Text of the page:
Perhaps that’s why, when it’s time to take stock of this generation of Indian cricketers, it’s the white ball losses that will rankle more: the 4/130 batting first at the 2014 World T20 final in Dhaka, the unnervingly quiet surrender on an extremely favourable surface in the 2015 World Cup semifinal in Sydney, getting outbatted by the West Indies in the 2016 World T20 semifinal in Mumbai, the chafing memory of the Indian bowling freezing under pressure against Pakistan in last year’s Champions Trophy final. It’s a remarkable litany of failures, and one that’s incongruous with the staggering amount of dominance over white ball cricket that the IPL-sharpened Indian team has otherwise enjoyed over this time.
But that merely cycles back to the principal absurdity of international cricket: that dominance doesn’t always translate to greatness. There isn’t a more appropriate place to recognize this than in South Africa, a team that has spent more time than anyone cares to count over the past generation as the world’s No 1 ODI side. No one believes it for a minute, of course, because they’ve never won a World Cup. In that sense, there was a desperate, almost nihilistic realization that this Test series was the yardstick for this Indian team’s greatness because traditional wisdom had pre-ordained it as such. And this defeat merely confirms that that greatness is still out of reach.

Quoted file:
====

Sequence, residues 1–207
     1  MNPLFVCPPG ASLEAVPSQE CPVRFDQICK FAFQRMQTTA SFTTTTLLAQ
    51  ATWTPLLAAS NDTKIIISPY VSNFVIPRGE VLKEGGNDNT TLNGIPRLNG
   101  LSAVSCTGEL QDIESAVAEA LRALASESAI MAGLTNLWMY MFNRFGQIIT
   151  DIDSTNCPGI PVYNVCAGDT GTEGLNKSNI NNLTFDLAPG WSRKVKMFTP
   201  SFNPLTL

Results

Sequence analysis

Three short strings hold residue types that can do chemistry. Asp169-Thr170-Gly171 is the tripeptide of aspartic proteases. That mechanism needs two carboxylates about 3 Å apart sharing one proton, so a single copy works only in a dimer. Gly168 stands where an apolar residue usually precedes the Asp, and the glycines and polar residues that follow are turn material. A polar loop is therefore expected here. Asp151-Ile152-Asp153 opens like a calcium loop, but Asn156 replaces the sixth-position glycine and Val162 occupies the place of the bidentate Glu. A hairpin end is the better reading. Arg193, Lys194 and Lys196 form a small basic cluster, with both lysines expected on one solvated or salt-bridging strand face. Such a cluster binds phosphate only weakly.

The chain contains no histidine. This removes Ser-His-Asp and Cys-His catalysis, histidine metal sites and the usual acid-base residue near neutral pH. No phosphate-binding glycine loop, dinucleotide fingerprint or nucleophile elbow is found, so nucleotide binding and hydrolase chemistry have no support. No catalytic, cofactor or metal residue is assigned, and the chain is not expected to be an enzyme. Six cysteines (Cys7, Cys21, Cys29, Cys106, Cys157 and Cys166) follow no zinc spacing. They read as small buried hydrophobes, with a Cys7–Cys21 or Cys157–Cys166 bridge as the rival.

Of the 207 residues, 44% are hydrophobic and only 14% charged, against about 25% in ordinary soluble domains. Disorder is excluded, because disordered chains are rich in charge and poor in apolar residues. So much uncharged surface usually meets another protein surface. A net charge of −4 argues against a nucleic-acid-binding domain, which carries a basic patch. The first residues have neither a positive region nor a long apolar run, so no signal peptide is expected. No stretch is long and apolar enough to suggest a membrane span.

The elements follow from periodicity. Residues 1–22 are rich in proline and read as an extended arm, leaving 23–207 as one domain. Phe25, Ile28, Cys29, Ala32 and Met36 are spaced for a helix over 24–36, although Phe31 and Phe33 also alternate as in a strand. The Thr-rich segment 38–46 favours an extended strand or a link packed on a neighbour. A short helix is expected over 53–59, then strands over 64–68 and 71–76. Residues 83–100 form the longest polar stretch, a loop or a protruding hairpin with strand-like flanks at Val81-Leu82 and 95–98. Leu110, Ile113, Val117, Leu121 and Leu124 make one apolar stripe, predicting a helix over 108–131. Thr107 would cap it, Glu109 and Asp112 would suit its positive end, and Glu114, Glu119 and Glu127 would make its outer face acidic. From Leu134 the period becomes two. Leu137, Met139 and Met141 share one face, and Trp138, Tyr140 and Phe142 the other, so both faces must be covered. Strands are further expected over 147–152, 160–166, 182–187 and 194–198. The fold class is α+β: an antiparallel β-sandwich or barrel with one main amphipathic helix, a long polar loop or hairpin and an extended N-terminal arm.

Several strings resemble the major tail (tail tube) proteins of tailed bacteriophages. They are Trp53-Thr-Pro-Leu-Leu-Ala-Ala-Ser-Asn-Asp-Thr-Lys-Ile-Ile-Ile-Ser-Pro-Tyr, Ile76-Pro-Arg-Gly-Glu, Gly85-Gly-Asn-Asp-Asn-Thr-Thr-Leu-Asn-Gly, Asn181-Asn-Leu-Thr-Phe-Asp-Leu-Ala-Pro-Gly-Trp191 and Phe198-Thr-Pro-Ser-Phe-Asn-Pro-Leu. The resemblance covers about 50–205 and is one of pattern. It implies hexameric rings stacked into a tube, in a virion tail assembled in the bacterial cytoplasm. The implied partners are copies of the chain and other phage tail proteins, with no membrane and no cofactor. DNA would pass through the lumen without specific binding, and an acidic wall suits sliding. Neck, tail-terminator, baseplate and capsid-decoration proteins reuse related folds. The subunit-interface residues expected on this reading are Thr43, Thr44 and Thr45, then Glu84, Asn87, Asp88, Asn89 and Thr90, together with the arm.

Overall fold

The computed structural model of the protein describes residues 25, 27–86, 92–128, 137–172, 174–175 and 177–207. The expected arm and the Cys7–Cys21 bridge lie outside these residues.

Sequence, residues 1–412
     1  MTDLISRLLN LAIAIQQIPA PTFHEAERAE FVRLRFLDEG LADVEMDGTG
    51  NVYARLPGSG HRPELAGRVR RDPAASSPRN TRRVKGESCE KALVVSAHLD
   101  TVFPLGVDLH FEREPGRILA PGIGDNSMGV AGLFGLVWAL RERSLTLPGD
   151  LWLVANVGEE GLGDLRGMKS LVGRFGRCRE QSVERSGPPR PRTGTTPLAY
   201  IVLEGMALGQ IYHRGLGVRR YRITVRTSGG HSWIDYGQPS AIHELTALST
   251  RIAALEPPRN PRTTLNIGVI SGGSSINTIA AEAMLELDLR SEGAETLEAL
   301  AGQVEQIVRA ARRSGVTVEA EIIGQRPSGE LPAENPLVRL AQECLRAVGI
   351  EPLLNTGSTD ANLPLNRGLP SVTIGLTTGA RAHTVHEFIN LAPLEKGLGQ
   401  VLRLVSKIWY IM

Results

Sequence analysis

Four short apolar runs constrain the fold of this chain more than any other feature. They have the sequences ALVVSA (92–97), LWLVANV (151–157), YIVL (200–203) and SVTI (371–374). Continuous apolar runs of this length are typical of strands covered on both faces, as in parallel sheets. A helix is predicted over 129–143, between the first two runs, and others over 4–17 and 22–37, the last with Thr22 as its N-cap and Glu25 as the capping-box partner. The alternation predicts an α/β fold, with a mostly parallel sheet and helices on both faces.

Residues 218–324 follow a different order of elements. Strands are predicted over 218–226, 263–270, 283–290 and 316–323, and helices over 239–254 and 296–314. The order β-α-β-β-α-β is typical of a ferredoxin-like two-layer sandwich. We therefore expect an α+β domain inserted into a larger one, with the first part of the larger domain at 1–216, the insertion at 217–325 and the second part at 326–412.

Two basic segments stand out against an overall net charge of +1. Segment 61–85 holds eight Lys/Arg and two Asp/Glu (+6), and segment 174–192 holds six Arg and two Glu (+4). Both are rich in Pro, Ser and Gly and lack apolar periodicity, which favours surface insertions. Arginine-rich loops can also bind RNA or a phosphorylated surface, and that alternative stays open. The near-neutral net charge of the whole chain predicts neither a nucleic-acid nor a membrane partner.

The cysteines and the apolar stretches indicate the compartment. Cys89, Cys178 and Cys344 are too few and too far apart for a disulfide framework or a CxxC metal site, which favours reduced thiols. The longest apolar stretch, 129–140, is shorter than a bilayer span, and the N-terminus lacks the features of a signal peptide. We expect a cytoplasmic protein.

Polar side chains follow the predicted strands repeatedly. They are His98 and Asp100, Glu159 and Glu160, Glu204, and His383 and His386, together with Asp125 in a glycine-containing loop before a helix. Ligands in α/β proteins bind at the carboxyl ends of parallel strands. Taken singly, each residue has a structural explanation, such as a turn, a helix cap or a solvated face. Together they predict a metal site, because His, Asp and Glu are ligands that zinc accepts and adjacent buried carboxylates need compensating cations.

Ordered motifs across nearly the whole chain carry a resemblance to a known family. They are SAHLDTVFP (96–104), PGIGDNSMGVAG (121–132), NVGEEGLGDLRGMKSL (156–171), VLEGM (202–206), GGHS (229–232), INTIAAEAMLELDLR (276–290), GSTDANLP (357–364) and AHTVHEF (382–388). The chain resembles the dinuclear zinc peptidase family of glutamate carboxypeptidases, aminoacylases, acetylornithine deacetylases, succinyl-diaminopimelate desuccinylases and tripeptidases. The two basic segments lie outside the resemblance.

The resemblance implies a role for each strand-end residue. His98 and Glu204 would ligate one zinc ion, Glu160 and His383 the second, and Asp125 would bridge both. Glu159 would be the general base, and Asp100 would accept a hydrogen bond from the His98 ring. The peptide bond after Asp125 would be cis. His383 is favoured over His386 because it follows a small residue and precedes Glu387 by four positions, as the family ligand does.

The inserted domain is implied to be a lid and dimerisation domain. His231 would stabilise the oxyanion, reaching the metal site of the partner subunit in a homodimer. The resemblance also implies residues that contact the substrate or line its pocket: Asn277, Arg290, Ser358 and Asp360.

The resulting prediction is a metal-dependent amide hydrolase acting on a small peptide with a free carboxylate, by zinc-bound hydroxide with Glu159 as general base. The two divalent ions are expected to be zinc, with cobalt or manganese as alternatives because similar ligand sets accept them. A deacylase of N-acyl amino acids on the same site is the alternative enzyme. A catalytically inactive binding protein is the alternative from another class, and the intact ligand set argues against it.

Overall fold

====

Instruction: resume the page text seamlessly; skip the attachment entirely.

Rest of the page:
Perhaps that’s unfair. Perhaps there’s a case to be made that this India is already an all-time great Test team. Their ability to convert home Tests into wins in recent years certainly admits of this. But how – to grab the famous absurdity from the other end – can an all-time great Test team be this poor this often?
And yet, even this historically reliable diagnosis feels inaccurate. Their batting especially, which has let them down so desperately in these two Tests, has so often been a strength. Their last cycle of tours to England, South Africa, Australia and New Zealand produced something like 13 hundreds and another 35 fifties. Only Australia and England have put up comparable batting numbers away from home against these teams in the last 5 years.